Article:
It’s one thing to dream about changing the world with your revolutionary business idea. It’s quite another thing to convince an investor to put up the money. Your supporters might praise your idea, but they won’t provide you 40 hours of labor each week until you offer them a paycheck.
Money has a way of making things real.
Part of our job, with CITT, has been to share a dream. Centrope designates the border regions of four countries (AT, HU, CZ & SK). The distances are short, but the cultural differences are big. This region has great potential for innovation, but most of this knowledge is locked away in research labs, divided by increasingly abstract national borders.
CITT’s dream is to knock down those borders. Fortunately, we are not the only ones at work on this vision. If CITT and similar projects are successful, the results will be measured in new products, new companies, new jobs and new opportunities.
This is a big dream, and big dreams need money.
The European Commission has already pumped big money into the Centrope dream, financing a wide range of projects, including CITT, in order to create a regional infrastructure for innovation. What’s been missing, up to now, is startup capital. The European Investment Fund’s Jeremie programme aims to fill this gap, providing badly needed startup capital, which has the potential to make the Centrope dream a reality.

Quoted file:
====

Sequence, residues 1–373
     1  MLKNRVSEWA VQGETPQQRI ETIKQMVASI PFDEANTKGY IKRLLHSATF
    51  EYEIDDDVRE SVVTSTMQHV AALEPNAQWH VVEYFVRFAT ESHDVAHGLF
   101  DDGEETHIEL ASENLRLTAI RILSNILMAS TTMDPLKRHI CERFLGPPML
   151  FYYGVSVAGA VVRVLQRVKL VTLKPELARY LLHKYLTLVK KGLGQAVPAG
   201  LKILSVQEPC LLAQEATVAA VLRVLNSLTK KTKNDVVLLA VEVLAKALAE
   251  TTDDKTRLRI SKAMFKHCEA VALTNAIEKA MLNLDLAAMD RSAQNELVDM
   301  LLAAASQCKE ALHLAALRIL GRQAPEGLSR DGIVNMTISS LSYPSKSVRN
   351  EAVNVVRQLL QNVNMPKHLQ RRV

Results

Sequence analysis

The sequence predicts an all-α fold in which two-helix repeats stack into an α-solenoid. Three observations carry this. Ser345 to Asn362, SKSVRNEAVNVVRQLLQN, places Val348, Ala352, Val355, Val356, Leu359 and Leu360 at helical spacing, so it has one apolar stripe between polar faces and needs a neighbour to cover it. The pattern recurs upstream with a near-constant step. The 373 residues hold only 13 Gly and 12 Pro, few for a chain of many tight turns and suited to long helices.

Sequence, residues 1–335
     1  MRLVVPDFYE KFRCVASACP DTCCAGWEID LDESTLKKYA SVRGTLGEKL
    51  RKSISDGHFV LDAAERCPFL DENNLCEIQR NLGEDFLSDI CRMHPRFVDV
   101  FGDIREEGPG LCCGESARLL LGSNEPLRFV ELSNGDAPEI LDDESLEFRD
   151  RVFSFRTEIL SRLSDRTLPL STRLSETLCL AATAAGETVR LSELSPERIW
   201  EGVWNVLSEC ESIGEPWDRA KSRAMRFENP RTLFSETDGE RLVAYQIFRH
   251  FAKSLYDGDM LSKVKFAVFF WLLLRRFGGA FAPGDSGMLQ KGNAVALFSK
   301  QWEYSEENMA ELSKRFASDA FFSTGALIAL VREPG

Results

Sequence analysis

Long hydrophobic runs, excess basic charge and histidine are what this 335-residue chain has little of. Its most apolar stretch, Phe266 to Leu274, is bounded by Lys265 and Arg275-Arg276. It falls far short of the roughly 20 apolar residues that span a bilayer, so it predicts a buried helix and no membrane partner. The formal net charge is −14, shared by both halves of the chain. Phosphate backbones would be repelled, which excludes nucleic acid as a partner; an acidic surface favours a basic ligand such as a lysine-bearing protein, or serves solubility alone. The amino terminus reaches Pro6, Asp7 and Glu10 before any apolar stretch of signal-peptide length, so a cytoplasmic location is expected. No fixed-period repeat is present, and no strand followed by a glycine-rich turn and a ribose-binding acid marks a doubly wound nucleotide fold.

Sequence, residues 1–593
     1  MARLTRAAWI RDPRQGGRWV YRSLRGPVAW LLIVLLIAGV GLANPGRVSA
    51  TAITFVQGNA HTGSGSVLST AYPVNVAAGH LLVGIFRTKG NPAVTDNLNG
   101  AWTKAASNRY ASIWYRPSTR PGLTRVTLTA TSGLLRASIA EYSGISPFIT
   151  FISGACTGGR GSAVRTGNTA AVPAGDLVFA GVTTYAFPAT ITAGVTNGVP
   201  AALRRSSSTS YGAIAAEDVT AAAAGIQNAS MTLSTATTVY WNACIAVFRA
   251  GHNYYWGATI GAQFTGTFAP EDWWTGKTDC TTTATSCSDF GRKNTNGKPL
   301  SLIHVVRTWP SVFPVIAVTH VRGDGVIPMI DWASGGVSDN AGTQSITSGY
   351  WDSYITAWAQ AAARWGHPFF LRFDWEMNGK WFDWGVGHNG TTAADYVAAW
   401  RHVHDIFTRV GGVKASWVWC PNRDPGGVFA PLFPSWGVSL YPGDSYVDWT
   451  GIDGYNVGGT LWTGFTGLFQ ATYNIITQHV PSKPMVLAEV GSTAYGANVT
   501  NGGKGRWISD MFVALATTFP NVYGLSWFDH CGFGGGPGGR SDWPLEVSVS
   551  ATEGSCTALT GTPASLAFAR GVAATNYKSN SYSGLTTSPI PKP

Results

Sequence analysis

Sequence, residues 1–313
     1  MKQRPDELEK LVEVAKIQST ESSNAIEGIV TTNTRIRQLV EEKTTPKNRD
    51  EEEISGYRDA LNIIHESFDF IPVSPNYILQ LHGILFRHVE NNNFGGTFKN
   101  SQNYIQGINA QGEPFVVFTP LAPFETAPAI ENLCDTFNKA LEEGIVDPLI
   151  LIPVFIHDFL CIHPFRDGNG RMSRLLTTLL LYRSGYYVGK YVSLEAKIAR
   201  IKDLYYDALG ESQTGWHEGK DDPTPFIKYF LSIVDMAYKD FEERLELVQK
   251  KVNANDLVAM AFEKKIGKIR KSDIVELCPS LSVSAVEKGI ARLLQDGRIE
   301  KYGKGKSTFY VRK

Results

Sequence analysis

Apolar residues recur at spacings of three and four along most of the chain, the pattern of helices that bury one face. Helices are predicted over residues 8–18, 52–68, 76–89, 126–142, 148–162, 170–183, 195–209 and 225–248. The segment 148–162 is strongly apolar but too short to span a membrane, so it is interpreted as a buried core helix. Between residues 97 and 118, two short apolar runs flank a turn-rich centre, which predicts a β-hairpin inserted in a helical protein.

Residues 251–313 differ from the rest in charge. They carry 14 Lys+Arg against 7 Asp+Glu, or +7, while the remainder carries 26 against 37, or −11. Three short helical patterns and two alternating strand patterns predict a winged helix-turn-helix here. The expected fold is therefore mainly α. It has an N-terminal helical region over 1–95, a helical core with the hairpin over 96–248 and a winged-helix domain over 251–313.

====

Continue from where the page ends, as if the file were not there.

Jeremie is now rolling out in Hungary with roughly €160M, distributed in eight new VC funds. By the end of 2010, Jeremie will be active in all four Centrope markets.
This money couldn’t have come at a better time. With the economic downtown, many talented people are now looking for opportunities. (Just about everyone I know had a down year in 2009. This includes me.) In the first quarter of 2010, the CITT project is coming to an end.
As a result, I am now turning my attention (and the focus of nowEurope) increasingly toward Jeremie.
Oddly, very little is being written about Jeremie in the Hungarian media. I’ve only found a handful of articles, mostly talking about the political delays in the Jeremie tender process and listing the newly created funds. Nothing much is being published in English, either.
In the coming days and weeks, I’ll be writing about Jeremie’s potential impact on the local tech scene. I’m now talking to startups and I intend to profile a few of them for nowEurope. I’m also talking to VCs and angel investors. I believe Jeremie could be the catalyst of a new, vibrant technology sector in Hungary and in Central Europe.
If you have a perspective on Jeremie, I’d be interested in talking. Please contact me in the comments, or directly by email (steve AT noweurope DOT com).